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Stacey L. Houston, II is a Ph.D. student in the Department of Sociology at Vanderbilt University. Stacey is also the Chief Information Officer and Director of Special Projects for MADISON, Multicultural Education Solutions, LLC. He has experience with program evaluation and research design for schools and community based programs in the USA and abroad. Research projects he has worked on and contributed to include ability grouping, educational attainment, college major choice, and the African-American engineering graduate student and faculty experience. Stacey Houston received his B.A. in Sociology (Honors) at Davidson College (2013).

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Abstract

Diversity Stalled: Explorations into the Stagnant Numbers of African American Engineering Faculty Abstract Faculty members serve as exemplars for the next generation of engineers, notonly in advancing the rapid changes in technology, but also in serving to advance theengineering capacities of future generations of multi-cultural, multi-racial studentengineers. A diverse engineering university faculty and workforce are necessary toachieve and maintain a country that is prosperous, secure, and attentive to thetechnological and social well-being of all individuals. Yet, data from the AmericanSociety for Engineering Education (ASEE) show that African Americans remain one ofthe most underrepresented racial groups in engineering faculty positions, comprising2.5% of all tenured/tenure-track engineering faculty for the past five years. This plateauhas existed despite intervention programs that aim to broaden the participation ofminorities in engineering. Our work examines the factors that impact the production ofAfrican American PhDs in engineering, as well as those factors that affect the pathway totenured faculty positions in engineering. The methodology of this study is guided by theliterature on racial and gender stereotypes, as well as Social Cognitive Career Theory(SCCT). SCCT focuses on the connection of self-efficacy, outcome expectations, andpersonal goals that influence an individual’s career choice. This study analyzes the pathway to academia by including analysis of a nationalsurvey of Black PhD engineering students, as well as focus group data collected fromthese students. We also have conducted interviews with Black engineering faculty. Thismixed methods approach enables us to collect and analyze multiple forms of data thathave the potential to shed light on the perspectives and decision-making of Blackengineering students and scholars. Descriptive and correlational statistical analyses willbe run on survey data about Black PhD and post-doctoral students’ perceptions pertainingto gender and race barriers, work-life balance, the role of their PI or advisors, theinfluences that impact their career decision-making, and other relevant matters.Qualitative data gathered from interviews with both students and faculty (and formerfaculty) will be analyzed and coded for themes. Early evidence shows that many Black engineering doctoral students havenegative perceptions of what it means to be an engineering faculty member. Based upontheir observations of pre-tenure engineering faculty, several students described theprocess of achieving tenure as similar to the process of completing a PhD all over again,which also has a negative connotation. An overwhelming majority of Black engineeringdoctoral students felt they had to expend extra energy to prove themselves to theiradvisors, professors, peers, and even to their mentors. While many students knew of oneor more Black engineering faculty members at their university, they expressed a desire tohave more frequent interactions with these faculty on a personal as well as professionallevel. Most of the students in this study said they would consider a tenure-track positionif there were a mentoring program that specifically focused on preparing them for acareer in the professoriate. Additional results for the full paper will include perspectivesfrom diversity program directors and from Black engineering faculty.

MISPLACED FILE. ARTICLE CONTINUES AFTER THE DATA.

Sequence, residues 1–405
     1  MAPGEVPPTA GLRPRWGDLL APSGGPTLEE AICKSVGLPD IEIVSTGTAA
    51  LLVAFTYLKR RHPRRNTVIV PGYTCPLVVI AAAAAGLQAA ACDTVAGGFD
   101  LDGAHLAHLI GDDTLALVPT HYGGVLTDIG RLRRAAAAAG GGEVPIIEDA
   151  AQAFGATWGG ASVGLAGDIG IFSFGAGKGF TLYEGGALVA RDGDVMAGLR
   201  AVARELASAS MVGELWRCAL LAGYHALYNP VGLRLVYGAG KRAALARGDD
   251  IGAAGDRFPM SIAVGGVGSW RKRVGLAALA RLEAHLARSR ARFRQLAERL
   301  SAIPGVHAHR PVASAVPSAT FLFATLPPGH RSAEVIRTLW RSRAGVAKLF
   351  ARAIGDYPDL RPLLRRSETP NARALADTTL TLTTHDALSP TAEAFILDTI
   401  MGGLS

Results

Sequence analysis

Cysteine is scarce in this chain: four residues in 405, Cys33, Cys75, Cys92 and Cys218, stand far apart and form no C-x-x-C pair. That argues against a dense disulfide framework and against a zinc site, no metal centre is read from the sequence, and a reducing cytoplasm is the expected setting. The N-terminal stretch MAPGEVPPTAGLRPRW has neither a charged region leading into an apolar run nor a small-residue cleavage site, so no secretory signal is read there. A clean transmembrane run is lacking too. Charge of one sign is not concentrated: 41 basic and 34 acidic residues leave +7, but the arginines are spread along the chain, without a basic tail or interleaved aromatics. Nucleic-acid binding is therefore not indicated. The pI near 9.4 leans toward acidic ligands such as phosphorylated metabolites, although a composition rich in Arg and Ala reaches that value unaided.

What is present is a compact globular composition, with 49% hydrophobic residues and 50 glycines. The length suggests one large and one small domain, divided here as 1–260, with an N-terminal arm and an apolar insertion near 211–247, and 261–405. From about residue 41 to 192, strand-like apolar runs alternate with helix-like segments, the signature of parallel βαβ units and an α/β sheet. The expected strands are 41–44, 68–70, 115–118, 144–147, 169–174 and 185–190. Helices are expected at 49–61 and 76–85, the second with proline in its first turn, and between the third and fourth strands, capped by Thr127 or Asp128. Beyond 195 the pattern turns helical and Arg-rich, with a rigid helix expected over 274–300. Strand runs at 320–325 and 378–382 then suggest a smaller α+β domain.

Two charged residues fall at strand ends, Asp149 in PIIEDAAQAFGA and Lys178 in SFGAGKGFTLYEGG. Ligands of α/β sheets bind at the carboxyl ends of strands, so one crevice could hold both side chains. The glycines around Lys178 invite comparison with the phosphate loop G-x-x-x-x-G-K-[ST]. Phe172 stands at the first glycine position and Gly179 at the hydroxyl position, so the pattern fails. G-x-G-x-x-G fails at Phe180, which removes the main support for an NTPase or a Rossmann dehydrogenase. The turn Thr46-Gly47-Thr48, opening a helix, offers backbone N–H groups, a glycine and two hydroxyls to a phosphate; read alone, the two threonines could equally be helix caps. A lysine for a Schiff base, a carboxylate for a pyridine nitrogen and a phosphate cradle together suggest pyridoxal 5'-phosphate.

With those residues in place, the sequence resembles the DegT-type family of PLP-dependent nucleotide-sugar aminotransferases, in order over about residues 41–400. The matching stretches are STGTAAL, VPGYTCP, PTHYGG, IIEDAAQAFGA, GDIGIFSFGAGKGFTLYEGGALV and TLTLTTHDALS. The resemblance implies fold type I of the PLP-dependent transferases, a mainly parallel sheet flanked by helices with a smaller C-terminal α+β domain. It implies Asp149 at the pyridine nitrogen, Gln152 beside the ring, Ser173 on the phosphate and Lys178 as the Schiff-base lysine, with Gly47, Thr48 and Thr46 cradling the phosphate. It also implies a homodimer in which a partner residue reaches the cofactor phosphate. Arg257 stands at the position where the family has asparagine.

McGee, E. O., & Robinson, W. H., & Bentley, L. C., & Houston, S. (2015, June), Diversity Stalled: Explorations into the Stagnant Numbers of African American Engineering Faculty Paper presented at 2015 ASEE Annual Conference & Exposition, Seattle, Washington. 10.18260/p.23893

ASEE holds the copyright on this document. It may be read by the public free of charge. Authors may archive their work on personal websites or in institutional repositories with the following citation: © 2015 American Society for Engineering Education. Other scholars may excerpt or quote from these materials with the same citation. When excerpting or quoting from Conference Proceedings, authors should, in addition to noting the ASEE copyright, list all the original authors and their institutions and name the host city of the conference. - Last updated April 1, 2015